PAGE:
Poles are appreciating the art of drinking wine. Specialist wine shops are increasing in their numbers. Currently there are over 250 wine speciality shops within the country. The trend in this new wine appreciation is growing as are the numbers of such shops.
The Rzeczpospolita reports that Ambra, the leader on the Polish wine market, anticipates an increase of its number of wine speciality shops by 150 percent within the next three years. Currently there are 20 Centrum Wina stores owned by Ambra. Warsaw’s Grand Cru operates 16 such wine shops on a franchise basis with an annual 25 percent increase in its profit margin within the four years of its existence. The company estimates an increase of 35 percent for this year alone.
Grand Cru will open an additional four stores by the end of this year. The company plans to have 70 to 80 shops nation wide by 2010. The average franchise start-up cost for opening a Grand Cru store is between 10,000 to 15,000 złoty.
The leader in Poznan‘s wine market is Bartex. Customers may not only purchase but also sample wines within the store. The shop with its wine tasting tables was opened a year and a half ago and proved a great success. The wine sales this year have increased significantly. The company is planning to open new wine tasting venues and shops.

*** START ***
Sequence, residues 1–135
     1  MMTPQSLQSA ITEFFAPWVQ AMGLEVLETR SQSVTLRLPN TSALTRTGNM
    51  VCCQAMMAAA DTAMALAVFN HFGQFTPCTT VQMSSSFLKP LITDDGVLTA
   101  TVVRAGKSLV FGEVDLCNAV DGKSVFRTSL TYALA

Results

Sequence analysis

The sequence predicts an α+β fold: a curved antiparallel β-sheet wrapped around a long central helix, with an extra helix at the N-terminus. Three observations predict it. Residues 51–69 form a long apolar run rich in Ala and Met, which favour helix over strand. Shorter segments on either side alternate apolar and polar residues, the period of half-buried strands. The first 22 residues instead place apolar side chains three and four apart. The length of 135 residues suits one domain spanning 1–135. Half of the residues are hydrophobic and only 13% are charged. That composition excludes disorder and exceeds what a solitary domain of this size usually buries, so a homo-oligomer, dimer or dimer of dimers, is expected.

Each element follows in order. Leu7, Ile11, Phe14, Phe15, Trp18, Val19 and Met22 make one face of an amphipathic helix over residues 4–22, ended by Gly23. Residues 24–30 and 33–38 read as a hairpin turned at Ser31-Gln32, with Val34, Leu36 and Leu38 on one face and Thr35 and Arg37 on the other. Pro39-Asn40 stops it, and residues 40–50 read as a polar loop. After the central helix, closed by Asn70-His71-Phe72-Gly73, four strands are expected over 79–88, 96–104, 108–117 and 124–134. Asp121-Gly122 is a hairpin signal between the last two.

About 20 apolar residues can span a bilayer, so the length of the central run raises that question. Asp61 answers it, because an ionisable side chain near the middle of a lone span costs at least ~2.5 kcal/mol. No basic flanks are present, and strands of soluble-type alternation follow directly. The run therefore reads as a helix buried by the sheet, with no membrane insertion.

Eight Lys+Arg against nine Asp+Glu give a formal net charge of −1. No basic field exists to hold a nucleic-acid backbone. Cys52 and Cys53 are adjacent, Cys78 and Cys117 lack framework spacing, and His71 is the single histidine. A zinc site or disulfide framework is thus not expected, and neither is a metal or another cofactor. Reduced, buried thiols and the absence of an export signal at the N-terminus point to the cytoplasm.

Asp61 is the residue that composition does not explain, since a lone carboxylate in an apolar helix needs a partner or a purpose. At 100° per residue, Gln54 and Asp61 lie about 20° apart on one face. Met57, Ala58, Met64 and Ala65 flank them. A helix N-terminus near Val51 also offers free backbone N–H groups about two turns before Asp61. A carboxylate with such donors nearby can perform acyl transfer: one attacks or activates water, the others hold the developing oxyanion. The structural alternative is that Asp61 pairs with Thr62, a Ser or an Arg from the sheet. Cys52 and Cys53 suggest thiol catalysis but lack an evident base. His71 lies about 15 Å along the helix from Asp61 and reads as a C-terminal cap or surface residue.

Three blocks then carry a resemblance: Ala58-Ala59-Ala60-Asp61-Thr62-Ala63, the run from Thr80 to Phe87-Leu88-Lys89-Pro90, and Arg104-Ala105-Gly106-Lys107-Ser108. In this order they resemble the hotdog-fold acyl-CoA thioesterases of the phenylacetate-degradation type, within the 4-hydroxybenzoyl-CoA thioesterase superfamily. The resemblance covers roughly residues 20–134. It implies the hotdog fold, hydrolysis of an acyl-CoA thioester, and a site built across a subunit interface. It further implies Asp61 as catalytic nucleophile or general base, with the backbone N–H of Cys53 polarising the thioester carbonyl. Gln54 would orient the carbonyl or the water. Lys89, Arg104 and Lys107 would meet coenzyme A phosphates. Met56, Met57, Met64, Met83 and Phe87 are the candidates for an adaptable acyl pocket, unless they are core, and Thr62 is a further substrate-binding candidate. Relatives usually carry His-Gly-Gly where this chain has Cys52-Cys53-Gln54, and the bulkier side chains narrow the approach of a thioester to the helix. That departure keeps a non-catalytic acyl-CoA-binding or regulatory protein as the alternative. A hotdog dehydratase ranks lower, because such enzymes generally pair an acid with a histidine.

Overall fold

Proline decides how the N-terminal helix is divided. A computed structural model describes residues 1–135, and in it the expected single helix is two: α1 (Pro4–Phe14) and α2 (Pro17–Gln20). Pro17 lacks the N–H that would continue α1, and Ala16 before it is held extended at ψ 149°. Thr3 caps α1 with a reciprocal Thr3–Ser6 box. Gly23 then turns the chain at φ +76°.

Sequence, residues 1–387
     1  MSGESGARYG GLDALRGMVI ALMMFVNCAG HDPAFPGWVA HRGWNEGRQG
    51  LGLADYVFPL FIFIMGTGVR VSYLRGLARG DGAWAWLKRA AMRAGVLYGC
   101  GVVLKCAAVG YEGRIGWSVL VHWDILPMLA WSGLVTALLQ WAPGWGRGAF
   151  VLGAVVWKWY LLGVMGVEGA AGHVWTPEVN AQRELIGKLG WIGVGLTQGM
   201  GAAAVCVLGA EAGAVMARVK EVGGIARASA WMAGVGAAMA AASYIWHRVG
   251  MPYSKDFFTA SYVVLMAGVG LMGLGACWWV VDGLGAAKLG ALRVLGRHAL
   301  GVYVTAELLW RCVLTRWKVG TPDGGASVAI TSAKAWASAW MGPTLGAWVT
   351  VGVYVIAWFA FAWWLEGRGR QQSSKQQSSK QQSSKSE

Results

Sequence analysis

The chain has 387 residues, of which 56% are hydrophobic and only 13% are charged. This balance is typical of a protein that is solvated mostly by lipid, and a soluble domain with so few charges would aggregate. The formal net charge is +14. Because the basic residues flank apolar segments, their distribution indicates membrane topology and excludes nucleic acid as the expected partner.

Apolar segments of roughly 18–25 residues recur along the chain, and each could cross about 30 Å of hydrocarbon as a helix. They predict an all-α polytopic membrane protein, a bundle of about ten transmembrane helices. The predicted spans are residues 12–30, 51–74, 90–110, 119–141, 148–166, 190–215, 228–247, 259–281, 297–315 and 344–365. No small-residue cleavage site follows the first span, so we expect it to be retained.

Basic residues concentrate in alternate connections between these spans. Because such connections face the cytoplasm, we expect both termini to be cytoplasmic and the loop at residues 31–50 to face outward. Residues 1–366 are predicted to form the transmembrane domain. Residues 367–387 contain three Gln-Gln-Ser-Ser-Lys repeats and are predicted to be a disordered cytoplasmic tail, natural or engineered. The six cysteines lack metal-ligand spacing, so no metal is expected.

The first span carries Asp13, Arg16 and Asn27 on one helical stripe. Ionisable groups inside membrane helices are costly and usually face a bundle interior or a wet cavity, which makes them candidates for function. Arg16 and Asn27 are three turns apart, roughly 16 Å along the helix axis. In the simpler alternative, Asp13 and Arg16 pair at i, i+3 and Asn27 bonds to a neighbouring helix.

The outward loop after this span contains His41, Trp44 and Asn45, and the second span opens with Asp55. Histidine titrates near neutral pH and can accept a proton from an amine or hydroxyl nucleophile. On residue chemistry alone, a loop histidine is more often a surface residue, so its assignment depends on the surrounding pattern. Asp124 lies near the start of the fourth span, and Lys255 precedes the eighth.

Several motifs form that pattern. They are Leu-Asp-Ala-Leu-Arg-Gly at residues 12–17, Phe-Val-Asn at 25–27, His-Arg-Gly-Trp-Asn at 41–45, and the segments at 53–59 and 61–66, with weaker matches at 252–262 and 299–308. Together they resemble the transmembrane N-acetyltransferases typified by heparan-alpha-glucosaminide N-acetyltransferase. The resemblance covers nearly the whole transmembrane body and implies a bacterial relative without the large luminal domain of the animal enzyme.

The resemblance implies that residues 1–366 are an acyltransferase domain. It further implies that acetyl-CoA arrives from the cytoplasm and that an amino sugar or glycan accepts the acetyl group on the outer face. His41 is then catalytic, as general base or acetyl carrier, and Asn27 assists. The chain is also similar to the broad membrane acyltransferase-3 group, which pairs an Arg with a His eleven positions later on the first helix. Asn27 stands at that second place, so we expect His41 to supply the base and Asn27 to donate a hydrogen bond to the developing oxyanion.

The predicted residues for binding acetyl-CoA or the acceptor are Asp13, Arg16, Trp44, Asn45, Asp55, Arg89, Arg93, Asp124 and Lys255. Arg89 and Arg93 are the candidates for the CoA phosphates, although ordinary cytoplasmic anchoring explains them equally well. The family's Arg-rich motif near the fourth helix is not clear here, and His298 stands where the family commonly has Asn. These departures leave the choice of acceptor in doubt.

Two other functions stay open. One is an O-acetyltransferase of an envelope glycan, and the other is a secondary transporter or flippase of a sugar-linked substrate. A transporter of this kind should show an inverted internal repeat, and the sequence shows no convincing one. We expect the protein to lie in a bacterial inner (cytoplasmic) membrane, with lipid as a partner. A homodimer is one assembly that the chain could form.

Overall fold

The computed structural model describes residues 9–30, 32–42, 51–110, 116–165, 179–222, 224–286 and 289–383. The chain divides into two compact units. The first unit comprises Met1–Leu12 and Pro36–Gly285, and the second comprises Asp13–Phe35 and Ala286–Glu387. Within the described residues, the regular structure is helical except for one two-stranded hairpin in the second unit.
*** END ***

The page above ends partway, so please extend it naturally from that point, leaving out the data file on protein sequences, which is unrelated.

It is not only the big cities that are benefiting from the wine booms. Smaller towns such as Kolobrzeg where companies such as Top Wina Swiata are enjoying an increase in sales by as much as 20 percent annually.
Wine makers and sellers are confident that the increase in sales is not only thanks to wine connoisseurs. According to wine store owners wine is becoming more popular in Poland, and it is taking over from other traditional alcohols of choice. Statistics compiled by the Nielsen company, indicate wine sales from July 2006 until June 2007 increased by 25 percent, some 710 mln zloty. The most popular wines are from Argentina, Chile and Australia. There is still potential for growth. Poles consume only 1.5 litres of wine annually per head. In comparison Denmark, originally not a wine drinking country, consumes on average some 35 litres per head.